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Former Malaysian National Swimmer Jailed 8 Weeks For Evading National Service In Singapore

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Malaysian national swimmer that is Lim Ching Hwang has been sentenced on the 9th February 2021 to eight weeks of jail for defaulting on his National Service (NS) obligations in Singapore. This 24-year-old man pleaded guilty to two charges under the Enlistment Act. Another charge was taken into consideration during sentencing.

Lim has become the 17th defaulter to be jailed since the High Court set out a new sentencing framework in 2017 for those who evade NS. He has since completed his NS. According to a report, in the past decade, Lim had competed as a Malaysian in the SEA Games in the year 2011, 2013, 2015, and also 2017.

According to a statement, Lim has told the judge in court that he succumbed to the ‘temptation’ of studying at a prestigious university after he was given a Malaysian scholarship. He also said, in hindsight, he should not have listened to his parents’ ill-judged advice to finish his studies before serving NS, but rather, should have persuaded them to sort out his exit permits.

The court also heard that Lim intends to apply for citizenship in Singapore in the near future, as well as continue to compete for Singapore. This was despite Lim having attempted to renounce his permanent residency status after he was ordered to serve out his NS obligations. Lim said he has a girlfriend and a job lined up for him in Singapore now.

He said, “I’m deeply regretful of my actions. I committed them as a boy and now that I am more mature, I have come back to face the consequences like a man”. The court also heard from the deputy public prosecutor, who said that NS defaulters enjoy an unfair advantage over their law-abiding peers, even if they complete their service eventually. Lim also told the court that he experienced mental stress and was glad that he was able to complete his NS without creating any problems.

In the month of March 2014, two days after he was approved to be a permanent resident, Lim received a notice to register for NS. At that time, a Malaysian conglomerate that is Sime Darby also extended an offer to him to pursue university studies in the United States on a scholarship. On May 29, he registered for NS two days before the deadline and was granted a deferment until May 2017 to pursue a diploma at Republic Polytechnic. But he left his polytechnic studies and Singapore on July 17 and started on a business degree course at Ohio State University.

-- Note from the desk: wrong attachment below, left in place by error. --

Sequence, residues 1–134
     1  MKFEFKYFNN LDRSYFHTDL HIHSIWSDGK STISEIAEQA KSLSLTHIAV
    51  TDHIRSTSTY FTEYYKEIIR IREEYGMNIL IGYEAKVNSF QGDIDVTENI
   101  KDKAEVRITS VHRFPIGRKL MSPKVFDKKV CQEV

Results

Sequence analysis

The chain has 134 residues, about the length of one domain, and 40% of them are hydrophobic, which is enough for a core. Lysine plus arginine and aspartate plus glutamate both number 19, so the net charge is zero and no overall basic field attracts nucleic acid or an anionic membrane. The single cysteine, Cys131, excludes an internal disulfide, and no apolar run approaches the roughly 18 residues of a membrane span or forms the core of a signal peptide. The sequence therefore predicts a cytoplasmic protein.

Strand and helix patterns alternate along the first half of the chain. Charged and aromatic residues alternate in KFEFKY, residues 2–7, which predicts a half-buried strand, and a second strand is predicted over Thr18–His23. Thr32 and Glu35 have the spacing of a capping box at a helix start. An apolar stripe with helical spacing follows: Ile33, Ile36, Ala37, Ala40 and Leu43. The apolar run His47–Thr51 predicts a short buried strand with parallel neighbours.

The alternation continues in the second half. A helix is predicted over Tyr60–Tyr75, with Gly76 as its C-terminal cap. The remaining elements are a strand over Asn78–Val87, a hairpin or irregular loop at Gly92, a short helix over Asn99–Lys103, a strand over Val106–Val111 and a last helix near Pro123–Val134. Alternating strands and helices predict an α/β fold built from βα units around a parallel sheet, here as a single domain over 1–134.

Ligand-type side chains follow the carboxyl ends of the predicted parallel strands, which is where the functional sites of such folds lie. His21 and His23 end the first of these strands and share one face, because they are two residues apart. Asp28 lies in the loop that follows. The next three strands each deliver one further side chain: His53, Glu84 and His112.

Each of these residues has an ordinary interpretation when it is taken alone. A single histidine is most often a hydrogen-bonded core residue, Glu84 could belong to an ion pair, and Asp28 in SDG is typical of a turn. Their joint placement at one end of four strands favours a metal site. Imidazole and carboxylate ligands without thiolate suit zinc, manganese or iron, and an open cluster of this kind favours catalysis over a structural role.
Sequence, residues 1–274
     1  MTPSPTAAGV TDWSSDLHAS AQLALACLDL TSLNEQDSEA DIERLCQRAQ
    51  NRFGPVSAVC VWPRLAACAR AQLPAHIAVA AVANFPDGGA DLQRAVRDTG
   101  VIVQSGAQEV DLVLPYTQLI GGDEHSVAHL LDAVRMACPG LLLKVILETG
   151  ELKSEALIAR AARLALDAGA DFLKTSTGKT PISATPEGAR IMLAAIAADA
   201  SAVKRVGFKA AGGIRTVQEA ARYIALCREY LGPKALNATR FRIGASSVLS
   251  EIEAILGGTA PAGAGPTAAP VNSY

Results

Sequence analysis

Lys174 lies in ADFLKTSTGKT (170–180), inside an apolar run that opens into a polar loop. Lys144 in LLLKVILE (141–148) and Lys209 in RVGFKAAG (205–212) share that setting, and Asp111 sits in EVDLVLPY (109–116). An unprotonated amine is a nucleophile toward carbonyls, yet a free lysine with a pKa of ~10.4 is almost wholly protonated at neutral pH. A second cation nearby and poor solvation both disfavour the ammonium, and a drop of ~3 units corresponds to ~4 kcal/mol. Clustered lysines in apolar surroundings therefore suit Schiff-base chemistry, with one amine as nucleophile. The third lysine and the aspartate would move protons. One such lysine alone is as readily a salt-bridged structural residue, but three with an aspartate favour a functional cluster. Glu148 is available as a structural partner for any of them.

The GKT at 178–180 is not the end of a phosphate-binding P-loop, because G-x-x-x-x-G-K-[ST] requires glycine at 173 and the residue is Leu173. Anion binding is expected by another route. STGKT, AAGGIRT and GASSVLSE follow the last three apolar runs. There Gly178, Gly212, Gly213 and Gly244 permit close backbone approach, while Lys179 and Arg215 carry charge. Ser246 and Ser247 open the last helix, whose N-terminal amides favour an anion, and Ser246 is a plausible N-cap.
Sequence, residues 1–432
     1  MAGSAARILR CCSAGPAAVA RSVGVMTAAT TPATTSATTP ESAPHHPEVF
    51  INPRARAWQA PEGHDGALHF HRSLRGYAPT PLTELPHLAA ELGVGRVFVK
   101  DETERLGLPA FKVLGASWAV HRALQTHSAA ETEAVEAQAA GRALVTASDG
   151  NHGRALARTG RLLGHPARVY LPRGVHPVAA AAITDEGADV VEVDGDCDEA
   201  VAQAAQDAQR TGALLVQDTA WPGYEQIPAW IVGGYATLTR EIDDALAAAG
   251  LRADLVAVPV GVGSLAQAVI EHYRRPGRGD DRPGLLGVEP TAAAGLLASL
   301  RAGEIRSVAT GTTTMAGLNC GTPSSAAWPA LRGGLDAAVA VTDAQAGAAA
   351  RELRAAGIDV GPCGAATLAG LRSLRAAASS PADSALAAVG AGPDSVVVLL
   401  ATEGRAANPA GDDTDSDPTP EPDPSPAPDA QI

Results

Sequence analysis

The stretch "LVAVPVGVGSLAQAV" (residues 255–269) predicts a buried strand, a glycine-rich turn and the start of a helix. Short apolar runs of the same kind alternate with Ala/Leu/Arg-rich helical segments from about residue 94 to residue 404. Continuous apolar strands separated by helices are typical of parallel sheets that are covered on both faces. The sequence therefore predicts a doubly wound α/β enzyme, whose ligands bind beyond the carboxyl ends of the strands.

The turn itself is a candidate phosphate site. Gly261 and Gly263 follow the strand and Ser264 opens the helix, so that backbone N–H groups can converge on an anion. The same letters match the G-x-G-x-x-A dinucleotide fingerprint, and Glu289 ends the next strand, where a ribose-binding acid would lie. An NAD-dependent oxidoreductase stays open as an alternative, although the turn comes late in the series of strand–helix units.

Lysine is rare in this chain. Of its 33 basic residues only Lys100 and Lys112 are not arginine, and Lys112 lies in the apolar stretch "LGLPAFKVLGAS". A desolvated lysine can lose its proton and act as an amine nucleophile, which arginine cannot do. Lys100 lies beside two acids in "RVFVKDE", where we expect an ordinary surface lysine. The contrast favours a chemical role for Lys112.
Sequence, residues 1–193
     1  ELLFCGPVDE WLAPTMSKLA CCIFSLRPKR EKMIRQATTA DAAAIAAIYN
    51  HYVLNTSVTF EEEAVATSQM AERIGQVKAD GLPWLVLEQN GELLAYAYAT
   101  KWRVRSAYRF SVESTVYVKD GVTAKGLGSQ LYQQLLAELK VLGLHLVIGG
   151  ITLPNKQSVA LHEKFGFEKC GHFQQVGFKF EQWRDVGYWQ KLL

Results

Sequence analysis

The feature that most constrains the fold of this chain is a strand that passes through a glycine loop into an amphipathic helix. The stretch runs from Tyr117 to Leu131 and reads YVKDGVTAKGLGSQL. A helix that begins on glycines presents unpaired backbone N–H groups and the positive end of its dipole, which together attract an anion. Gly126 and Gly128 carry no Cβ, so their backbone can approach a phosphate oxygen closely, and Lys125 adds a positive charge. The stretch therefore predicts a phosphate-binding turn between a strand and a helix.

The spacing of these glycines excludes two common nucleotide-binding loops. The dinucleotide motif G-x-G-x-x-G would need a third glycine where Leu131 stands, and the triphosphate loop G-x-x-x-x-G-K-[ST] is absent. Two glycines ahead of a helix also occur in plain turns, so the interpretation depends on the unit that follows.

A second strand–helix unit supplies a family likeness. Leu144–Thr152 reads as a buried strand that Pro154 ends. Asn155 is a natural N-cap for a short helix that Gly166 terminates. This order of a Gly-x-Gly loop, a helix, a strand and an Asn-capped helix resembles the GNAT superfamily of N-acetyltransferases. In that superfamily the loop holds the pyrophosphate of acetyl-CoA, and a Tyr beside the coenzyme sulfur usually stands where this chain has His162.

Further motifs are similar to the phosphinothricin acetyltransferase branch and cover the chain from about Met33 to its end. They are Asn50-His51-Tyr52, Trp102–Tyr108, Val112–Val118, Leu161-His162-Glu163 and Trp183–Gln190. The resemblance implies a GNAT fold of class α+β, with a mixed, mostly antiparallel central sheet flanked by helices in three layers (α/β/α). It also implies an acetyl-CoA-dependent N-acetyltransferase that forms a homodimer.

The Ministry of Defence rejected Lim and his parents’ request for an NS deferment to attend university, as deferment for university studies are not typically granted. His parents also failed to put up a bond in order to secure an exit permit for Lim to leave Singapore. Lim was told in February 2015 by the authorities via his father that he had to undergo medical screening for his enlistment. Lim’s father replied that his son would be renouncing his status as a permanent resident since his deferment for the university was not granted.

Lim finally returned to Singapore on June 11, 2018, after completing university. He enlisted on April 3, 2019, and completed his NS on Feb. 2, 2021. Lim will begin serving his sentence from Feb. 23. He could have been jailed for up to three years or fined, or punished with both, for leaving Singapore without an exit permit under the Enlistment Act.

Sources: CNA

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Separated Since Babies, This Identical Twins Finally Reunite After 36 Years

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Identical twins Molly Sinert and Emily Bushnell were separated at birth in South Korea and adopted by different families. Molly went on living in Florida while Emily in Pennsylvania. The siblings spent most of their lives totally unaware of each other’s existence and little information about their birth family.

But everything changes after Emily’s 11-year-old daughter, Isabel wanted to make a DNA test to explore her heritage.

Isabel said, “I wanted to do the DNA test because she was adopted. I wanted to find out if I had more family on her side.”

Meanwhile in Florida, Molly also decided she wanted to take a DNA test to find out more about her mother’s history. The database confirmed her relations with Emily.

“(The results said:) ‘You share 49.96% DNA with this person. We predict that she’s your daughter’. This is obviously not right because I’ve never gone into labor, I don’t have children.”